Home > C and C++ in critical systems, Formal verification of C programs > Reasoning about null-terminated strings in C/C++

Reasoning about null-terminated strings in C/C++

February 23, 2010

In my last post I described how ArC supports reasoning about array access, by allowing you to refer to the bounds of an array in a specification. If the code itself needs to know the size of an array, then the size is provided by other means, for example by passing it as an extra parameter. However, when using arrays of characters, standard practice in C is not to pass the number of elements, but to use a null character to indicate the end. Indeed, C and C++ string literals are compiled to static arrays of characters with a terminating null; and many standard C library functions assume that their string arguments are null-terminated.

There are dangers here. Consider the following code:

#include "string.h"
 void foo(const char* msg)
{ char buf[20];
strncpy(buf, msg, 25);
...
...strlen(buf)...
}

The programmer thinks he has protected against overflowing buf by using strncpy instead of strcpy. However, a buffer size of 25 has been passed to strncpy, when the buffer is only 20 characters long. Maybe the buffer used to be 25 characters but was subsequently changed to 20. Using “magic numbers” like 20 and 25 in code is bad practice. We should instead declare const int fooBuflen = 20; and then use fooBuflen wherever we need the length of the buffer, thereby avoiding this kind of error.

Even when we do correct this error, there is another problem. strncpy doesn’t guarantee to include a null terminator when writing to the destination. So the subsequent strlen call can end up reading well beyond the end of buf, resulting in undefined behaviour.

Here’s the same example annotated for ArC:

#include "arc.h"
#include "arc_string.h"
#include "string.h"
void foo(const char* array msg)
pre(isNullTerminated(msg))
{ char buf[20];
strncpy(buf, msg, 25);
...
...strlen(buf)...
}

As well as specifying that msg is an array, I’ve included an extra header file arc_string.h and added precondition isNullTerminated(msg). Here’s part of file arc_string.h:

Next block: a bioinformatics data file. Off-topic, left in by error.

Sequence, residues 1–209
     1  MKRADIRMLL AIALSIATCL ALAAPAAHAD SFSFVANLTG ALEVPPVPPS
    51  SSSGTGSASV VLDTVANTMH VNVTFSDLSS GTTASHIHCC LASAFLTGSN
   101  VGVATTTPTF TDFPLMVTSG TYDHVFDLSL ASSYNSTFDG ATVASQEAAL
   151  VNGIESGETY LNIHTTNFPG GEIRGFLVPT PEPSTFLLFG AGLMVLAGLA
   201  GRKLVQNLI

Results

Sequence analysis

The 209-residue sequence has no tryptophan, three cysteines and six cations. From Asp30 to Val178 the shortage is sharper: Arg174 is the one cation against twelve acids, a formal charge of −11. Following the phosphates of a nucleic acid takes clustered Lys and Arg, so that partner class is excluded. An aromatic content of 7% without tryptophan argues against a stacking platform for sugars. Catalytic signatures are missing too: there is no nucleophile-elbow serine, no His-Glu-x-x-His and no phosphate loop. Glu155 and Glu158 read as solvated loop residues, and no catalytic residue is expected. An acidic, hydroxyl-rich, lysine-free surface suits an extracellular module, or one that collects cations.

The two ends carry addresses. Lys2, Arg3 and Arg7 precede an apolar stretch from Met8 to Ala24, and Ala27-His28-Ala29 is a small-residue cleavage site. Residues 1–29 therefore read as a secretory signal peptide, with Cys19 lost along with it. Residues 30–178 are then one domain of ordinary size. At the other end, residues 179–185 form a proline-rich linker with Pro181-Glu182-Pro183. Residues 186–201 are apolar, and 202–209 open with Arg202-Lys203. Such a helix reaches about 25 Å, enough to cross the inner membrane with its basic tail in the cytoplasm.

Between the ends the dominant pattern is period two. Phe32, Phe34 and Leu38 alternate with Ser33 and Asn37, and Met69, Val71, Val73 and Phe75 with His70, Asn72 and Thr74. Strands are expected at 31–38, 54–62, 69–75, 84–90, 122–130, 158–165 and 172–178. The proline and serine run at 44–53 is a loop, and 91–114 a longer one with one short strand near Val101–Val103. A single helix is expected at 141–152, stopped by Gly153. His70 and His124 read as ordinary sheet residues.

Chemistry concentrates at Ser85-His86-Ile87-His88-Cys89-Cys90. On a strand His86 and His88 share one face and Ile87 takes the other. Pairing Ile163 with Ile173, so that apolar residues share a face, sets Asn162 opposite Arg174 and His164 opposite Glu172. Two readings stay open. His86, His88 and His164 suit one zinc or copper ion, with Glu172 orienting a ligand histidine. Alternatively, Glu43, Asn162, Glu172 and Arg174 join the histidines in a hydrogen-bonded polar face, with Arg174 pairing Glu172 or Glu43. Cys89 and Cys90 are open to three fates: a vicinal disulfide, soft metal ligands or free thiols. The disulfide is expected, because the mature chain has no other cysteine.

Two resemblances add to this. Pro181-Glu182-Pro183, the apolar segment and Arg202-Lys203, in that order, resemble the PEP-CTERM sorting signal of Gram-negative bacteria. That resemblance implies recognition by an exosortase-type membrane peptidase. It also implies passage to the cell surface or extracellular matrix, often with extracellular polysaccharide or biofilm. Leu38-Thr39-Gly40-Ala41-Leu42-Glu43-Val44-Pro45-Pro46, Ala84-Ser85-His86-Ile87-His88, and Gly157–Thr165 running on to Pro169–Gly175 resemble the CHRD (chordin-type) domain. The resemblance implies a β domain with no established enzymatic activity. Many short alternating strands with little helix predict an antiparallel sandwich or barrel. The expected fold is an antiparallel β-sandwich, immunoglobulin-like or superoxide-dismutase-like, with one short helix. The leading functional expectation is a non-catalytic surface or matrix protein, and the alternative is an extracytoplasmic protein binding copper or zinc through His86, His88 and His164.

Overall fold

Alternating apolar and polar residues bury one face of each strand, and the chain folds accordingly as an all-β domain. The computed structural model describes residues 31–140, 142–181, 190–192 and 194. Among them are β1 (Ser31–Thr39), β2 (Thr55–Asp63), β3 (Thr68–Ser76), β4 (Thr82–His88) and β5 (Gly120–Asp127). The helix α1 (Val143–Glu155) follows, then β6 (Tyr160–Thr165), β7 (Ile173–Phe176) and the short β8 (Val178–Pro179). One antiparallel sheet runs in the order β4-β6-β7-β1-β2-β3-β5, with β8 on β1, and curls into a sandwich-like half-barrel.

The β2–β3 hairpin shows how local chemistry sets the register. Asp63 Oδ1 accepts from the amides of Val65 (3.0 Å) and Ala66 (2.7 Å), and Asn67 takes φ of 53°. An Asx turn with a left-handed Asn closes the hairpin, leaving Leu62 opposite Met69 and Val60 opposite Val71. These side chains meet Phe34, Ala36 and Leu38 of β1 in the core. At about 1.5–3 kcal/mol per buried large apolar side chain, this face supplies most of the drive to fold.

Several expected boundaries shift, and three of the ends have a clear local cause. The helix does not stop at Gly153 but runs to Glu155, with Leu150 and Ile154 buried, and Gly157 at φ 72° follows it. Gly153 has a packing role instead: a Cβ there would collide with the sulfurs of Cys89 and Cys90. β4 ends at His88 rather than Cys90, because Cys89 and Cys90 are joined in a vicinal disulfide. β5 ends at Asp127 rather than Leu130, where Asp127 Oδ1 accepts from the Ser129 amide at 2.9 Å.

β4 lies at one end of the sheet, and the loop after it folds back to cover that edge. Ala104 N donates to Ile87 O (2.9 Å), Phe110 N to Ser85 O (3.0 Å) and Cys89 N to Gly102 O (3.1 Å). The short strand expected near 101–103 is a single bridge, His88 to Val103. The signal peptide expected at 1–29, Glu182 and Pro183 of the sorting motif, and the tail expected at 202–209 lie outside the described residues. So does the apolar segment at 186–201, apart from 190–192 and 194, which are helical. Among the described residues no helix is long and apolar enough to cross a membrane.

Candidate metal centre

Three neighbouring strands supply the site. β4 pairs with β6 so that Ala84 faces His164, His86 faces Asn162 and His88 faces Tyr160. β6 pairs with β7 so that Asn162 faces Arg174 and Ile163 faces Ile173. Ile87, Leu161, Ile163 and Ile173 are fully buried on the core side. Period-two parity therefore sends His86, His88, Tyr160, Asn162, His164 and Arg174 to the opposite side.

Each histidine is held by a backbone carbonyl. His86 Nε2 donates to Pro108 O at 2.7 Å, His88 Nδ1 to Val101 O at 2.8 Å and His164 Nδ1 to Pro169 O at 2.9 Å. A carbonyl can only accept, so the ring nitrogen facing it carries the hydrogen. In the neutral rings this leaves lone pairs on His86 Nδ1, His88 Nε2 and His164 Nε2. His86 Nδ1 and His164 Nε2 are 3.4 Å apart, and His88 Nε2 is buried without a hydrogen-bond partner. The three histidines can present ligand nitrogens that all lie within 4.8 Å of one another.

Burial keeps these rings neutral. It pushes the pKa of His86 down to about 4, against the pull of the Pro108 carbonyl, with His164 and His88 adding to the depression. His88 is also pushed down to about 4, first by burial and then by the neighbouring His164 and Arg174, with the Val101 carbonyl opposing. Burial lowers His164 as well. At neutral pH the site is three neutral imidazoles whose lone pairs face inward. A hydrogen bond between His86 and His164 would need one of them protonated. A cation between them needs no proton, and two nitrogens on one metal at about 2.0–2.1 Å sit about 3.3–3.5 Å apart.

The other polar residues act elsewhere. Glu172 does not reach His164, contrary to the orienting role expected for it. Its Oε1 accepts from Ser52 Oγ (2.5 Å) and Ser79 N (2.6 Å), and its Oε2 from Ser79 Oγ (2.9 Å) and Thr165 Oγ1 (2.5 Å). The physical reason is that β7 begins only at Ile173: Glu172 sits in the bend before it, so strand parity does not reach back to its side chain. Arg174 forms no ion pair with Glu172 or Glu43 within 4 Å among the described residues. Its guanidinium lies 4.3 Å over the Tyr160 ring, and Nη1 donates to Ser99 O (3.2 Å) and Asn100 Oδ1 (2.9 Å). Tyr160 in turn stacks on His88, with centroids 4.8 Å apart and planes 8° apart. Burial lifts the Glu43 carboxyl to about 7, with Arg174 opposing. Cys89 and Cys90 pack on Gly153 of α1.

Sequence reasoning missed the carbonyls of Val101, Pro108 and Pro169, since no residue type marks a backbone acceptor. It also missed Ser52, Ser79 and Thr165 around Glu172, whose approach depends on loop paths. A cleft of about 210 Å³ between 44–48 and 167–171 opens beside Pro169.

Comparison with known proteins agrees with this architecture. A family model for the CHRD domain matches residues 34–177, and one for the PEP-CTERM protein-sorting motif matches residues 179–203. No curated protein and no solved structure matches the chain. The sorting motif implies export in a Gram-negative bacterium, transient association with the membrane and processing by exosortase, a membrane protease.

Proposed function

ghost bool isNullTerminated(const char* array src)
post(result == (exists i in 0..src.upb :- src[i] == (char)0));

We’ve provided the function isNullTerminated, so that in specifications we can tell whether a char* array pointer addresses a null-terminated string. It’s declared ghost to indicate that it has no code, so it can only be called from specifications. It’s postcondition states that it returns true if and only if there is some index in the range 0 to the upper bound of src such that the corresponding element of src is a null character. That’s what the exists expression means (the “:-” symbol can be read as “such that”).

Here’s another extract from arc_string.h:

spec size_t strlen(const char* array src)
pre(isNullTerminated(src))
post(result < src.lim)
post(src[result] == (char)0)
post(forall i in 0..(result - 1) :- src[i] != (char)0);

spec char* array strncpy(char* array dst, const char* array src, size_t len)
pre(isNullTerminated(src))
pre(len <= dst.lim)
post(forall i in 0..(len - 1)
:- dst[i] == (i <= strlen(src) ? src[i] : old dst[i]))
post(result == dst);

These provide ArC with specifications of the standard library functions strlen and strncpy. The spec keyword tells ArC that this is the specification for a function declared elsewhere in un-annotated C/C++, so that it doesn’t complain about conflicting declarations. We’ve specified in preconditions that both functions require null-terminated source parameters, and that the destination parameter of strncpy must be an array of at least len bytes.  We’ve also provided postconditions to described the effect of calling these functions, so that ArC can reason about the program state after they are called. The forall expression is similar to the exists expression described earlier, except that it returns true if the condition after the “:-” symbol is true for all the values in the specified range.

When we run ArC over the annotated example, it reports two verification problems as expected:

c:\escher\arctest\arctest6.c (15,5): Warning! Unable to prove: Precondition of ‘strncpy’ satisfied (defined at c:\escher\arctest\arc_string.h (16,14)) (see C:\Escher\ArcTest\arctest6_unproven.htm#17), cannot prove: 25 <= char* array {buf$uninitialised$}.lim().

c:\escher\arctest\arctest6.c (16,18): Warning! Unable to prove: Precondition of ‘strlen’ satisfied (defined at c:\escher\arctest\arc_string.h (8,10)) (see C:\Escher\ArcTest\arctest6_unproven.htm#18), cannot prove: isNullTerminated(char const* array {buf$15,5$}).

If the expressions in the warning messages look strange, that’s because they currently come out in a mixture of C and Perfect syntax. We’ll need to tidy these up before we release ArC.

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